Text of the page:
As part of their ongoing commitments to deliver alternative measures under the National Environment Programme, Bristol Water have teamed up with Westcountry Rivers Trust (WRT) and Bristol Avon Rivers Trust (BART) to trial a unique glass eel monitoring programme.
The Eel is a red list endangered species and through its extraordinary life cycle it migrates across the Atlantic to live in our rivers and lakes, where if grows for decades before making the return journey to spawn. Throughout its epic journey it faces a number of threats, such as barriers in the form of weirs and dams, over exploitation and a distinct loss of wetland habitats.
The aim of this study is to trial a new monitoring methodology samples glass eels (eels that have just reached our coastal waters and have yet to develop pigmentation) at coastal “pinch points”. These pinch point sites are areas where the eels will gather to ascend a barrier or tidal confluence, such as tidal flood gates, weirs, etc. The young eels are attracted to the fresh water outputs and big tides bring them up the rivers searching out a home where they develop for many years.
The new methods involve a vertical drop net, otherwise known as the ballerina Skirt net, that provides refuge for eels while they wait out the tide to access their new habitats, the net bundle is lowered into position and checked regularly through a tidal period, and once high tide is reached the eels will likely continue upstream and leave the refuge of the nets. We will be out of the River Axe on Thursday 11 February using the equipment for the first time.
This monitoring effort has a number of aims; to gather data on an important life history stage which we don’t know a great deal about, to help provide information for rivers where we know eels access but don’t have the data on numbers, to “re-stock” the captured eels over the nearest barrier as a conservation effort and finally to unite volunteers in a large scale citizen science programme.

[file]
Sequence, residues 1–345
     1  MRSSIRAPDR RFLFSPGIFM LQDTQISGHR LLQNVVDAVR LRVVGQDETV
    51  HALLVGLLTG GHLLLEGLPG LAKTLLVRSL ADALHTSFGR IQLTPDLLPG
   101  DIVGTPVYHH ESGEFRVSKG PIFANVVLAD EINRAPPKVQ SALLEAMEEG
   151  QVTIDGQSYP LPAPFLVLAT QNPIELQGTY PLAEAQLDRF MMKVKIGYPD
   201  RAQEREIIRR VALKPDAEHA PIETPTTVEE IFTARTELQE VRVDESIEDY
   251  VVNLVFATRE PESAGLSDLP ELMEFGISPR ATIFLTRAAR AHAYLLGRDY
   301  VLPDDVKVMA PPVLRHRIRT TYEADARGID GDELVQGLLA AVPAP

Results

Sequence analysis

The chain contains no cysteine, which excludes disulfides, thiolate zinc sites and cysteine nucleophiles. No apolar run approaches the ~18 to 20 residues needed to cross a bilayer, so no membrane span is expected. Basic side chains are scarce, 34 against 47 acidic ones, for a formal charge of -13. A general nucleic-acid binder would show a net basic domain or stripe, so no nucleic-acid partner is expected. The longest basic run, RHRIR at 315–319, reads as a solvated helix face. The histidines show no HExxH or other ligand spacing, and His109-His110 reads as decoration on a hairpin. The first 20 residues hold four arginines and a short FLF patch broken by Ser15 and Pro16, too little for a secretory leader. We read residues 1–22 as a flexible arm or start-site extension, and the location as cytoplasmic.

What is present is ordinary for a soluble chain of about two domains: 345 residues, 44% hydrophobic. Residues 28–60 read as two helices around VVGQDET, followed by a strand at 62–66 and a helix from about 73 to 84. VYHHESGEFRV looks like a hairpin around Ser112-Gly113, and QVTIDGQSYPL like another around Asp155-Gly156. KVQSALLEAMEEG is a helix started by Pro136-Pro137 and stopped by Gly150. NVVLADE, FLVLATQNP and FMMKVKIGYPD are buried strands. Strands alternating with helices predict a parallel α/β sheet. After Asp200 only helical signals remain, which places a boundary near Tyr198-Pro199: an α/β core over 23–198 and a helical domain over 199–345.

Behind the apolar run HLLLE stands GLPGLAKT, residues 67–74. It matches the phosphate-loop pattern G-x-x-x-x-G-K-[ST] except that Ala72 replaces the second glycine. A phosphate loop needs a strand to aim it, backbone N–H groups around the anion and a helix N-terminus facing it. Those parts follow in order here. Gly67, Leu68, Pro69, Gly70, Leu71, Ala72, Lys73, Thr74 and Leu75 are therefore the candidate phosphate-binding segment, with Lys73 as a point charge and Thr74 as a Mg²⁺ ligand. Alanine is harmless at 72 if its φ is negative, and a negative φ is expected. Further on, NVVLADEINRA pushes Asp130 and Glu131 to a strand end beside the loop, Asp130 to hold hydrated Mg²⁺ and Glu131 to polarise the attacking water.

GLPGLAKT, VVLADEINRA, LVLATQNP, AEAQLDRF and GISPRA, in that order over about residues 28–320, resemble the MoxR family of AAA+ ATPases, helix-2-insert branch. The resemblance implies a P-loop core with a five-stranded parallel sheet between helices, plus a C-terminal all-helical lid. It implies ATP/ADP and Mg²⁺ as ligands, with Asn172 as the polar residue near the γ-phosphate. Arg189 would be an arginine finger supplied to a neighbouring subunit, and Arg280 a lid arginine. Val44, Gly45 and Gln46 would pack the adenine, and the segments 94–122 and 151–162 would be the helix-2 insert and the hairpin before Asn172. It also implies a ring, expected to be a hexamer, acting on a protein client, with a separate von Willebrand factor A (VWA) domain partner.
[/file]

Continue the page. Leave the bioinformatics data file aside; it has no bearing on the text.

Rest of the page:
This first stage is focused on trialling the sample efforts and will be undertaken on the Rivers Axe and Pill (Bristol Avon) in Somerset with the expectation that what we learn can be applied to other rivers and tributaries in the Bristol water catchment area.
Scott West, Fisheries Scientist, from WRT said:
“This is such a fantastic opportunity, not only to gather some much needed data on juvenile eel stocks but to also help steer other eel conservation projects like fish passage solutions or habitat improvements, especially in a time of limited resources. In addition we can develop this work to involve volunteers, people in our community that care about the health of our rivers and want to make a difference”
Sophie Edwards, Environment Strategy Manager, from Bristol Water said:
“Our commitment to deliver alternative measures under the National Environment Programme means we can back innovative schemes, such as the Glass Eel Citizen Science project. This project engages volunteers to collect meaningful data on elver migration, to improve understanding of the pressures facing the European Eel. It is fantastic to partner with Westcountry Rivers Trust and Bristol Avon Rivers Trust, who have outstanding expertise in this field of work. We also have support from local elvermen, whose knowledge, enthusiasm and experience is fundamental to the success of this project.”
Finally, this project has become part of the “World Fish Migration day” and will be showcased as a UK conservation effort alongside other important projects.
•Sediments (water quality/water quantity issues)
•Degradation of habitats (ecological)